My experience is somewhat different in that I have continued to move as my career progresses. And I have several friends from 4-pro sport cities that question my loyalty. My friends in Boston or Chicago or Detroit or DC or even Atlanta cannot understand why I am all over the map. Then I get into the explanations you see here, and they just shake their heads.

    C’est la vie.



    During my elementary school days in Omaha, I pulled for a number of NFL teams when I was younger — primarily based on football cards and my grandfather’s influence.

    I went to school near a drug store and would buy wax packs a couple of times a week — flipping through the colorful array of NFL teams (and uniforms, of course). I liked the Oilers, Cowboys, and Rams for a while in the mid- to late-70’s. I also followed the Jets for a time because my dad brought me back an NYJ sweatshirt from a business trip to NYC.

    For whatever reason, I stuck with the Oilers for quite a while (beginning in about 1978), until they moved to Nashville and became the Titans. (I never lived in Houston, so I had no reason to be loyal to the town and adopt the Texans.)

    Several of my friends in Omaha were Chiefs fans or Vikings fans (sort of the nearest teams to us), but I was contrarian and went with the Broncos during the Tom Jackson and Randy Gradishar Orange Crush days. So I have followed the BRONCOS since about 1977.

    Many Nebraskans were also Packers fans, as they can relate to the small market support structure. However, my parents are from Chicago, so I would often spend much of my early childhood summers in Chicagoland. My grandfather was a BEARS fan, so he influenced me there. I have followed da BEARS since about 1979.

    We moved to Atlanta in 1981, and I followed the Falcons, but never really became a fan. I found it more interesting that I was the “outsider” from Nebraska and supported the BEARS and BRONCOS. That said, as I lived in Atlanta for 15 years, I attended numerous Falcons games at the old Fulton-County Stadium and the Georgia Dome.

    When I moved to Chicago after grad school, da BEARS were a natural fit. I eventually moved to DC and lived there for 10 years; but I never really picked up the ‘Skins. I moved to Denver, and of course the BRONCOS were a natural fit. My wife is from Dallas, but also likes the BRONCOS, so that became our “family team.”

    Then we moved to Seattle just as the Seahawks started playing well again. We rooted for them, but stuck with the BRONCOS. Then we moved to Dallas. Her family is all Cowboys fans, but I find no particular sentiment for them, other than a respect for Tom Landry back in the day.

    Thus, my teams have primarily solidified into two: the BRONCOS and BEARS, in that order.



    As a kid in Nebraska, we had the Omaha Royals (now the “Storm Chasers”) — AAA affiliate for Kansas City; but I probably attended more College World Series games at Rosenblatt Stadium than I did Royals games. Most in Omaha and the rest of Nebraska are Royals fans though.

    My dad was not really a sports fan, so when he read the newspaper, he would always hand me the Sports section. I learned to comb through the box scores of MLB, when there were no articles on the Nebraska Cornhuskers. The Yankees and Dodgers were good in the late 70’s, so I followed them, as well as the Red Sox; and I also especially enjoyed watching the Orioles and Pirates box scores they played in the World Series (1979 I think).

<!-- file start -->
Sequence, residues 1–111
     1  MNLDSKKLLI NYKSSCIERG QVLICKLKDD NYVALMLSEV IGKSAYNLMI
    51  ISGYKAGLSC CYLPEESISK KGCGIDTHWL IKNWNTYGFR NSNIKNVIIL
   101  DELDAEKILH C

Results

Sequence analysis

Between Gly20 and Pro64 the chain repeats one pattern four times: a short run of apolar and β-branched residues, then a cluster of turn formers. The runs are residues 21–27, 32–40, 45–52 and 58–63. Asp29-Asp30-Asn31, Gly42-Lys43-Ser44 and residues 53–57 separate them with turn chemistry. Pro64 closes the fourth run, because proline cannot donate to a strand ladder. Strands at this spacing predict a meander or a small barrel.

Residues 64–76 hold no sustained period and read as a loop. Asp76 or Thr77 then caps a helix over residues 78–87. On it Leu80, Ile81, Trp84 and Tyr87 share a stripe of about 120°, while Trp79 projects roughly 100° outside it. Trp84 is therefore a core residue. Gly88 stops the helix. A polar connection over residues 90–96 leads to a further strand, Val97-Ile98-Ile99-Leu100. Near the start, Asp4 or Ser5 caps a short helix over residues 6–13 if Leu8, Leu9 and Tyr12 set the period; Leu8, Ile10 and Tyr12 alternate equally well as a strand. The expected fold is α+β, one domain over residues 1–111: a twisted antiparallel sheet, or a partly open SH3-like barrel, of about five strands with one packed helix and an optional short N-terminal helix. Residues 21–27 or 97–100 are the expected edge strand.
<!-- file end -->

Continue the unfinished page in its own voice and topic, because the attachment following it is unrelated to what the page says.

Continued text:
I mentioned above that I spent my summers in Chicagoland. As I would wait for my grandpa to walk the tracks home from his blue collar job, I would sit and watch the CUBS games on WGN (when they did not play night games, since they did not have any lights). My dad was a moderate CUBS fan, but never really influenced me. My grandfather was from the South Side, so was a huge WHITE SOX fan. He took my to my first MLB game at Old Comiskey Park. Unlike most Chicagoans, I actually root for both the CUBS and WHITE SOX because I came to love baseball watching both teams.

    (I also played Little League Baseball and junior high and high school baseball from age 9 through 18. I have heard from a number of individuals over the years that they often root for teams that their LLB team shared. Though I played for the “Dodgers,” “Rangers,” “Astros,” and “Orioles” over the years, that never really influence me.)

    We moved to Atlanta as I entered my formative teenage years. I watched the BRAVES daily on our local WTBS Channel 17. During the years we first lived there, Joe Torre took the BRAVES to the playoffs, and I was hooked. I endured the awful 80’s years, and was there at the beginning of the amazing 14 straight Division Titles run that began in the 90’s. I attended the Game 7 NLCS when Sid Bream scored with 2 outs in the 9th to push the Braves into the World Series; and I bought 20-game packages for three years during the special Maddux, Glavine, Smoltz years. By the end of my 15 years in Atlanta, I had attended around 200 games at Fulton-County Stadium.

    I also watched baseball religiously — doing the box scores for hundreds of games in my scorebooks. We finally got Cable TV in the late 80’s, so I watched a lot of WHITE SOX and CUBS games on WGN. I watched the games of the week on NBC, FOX, and ESPN, as well and most of the NLCS/ALCS/WS games over the years. I followed other MLB teams, too, and eventually followed and pulled for: the Cardinals, Astros, Yankees, Royals, Red Sox, Rockies, and Orioles.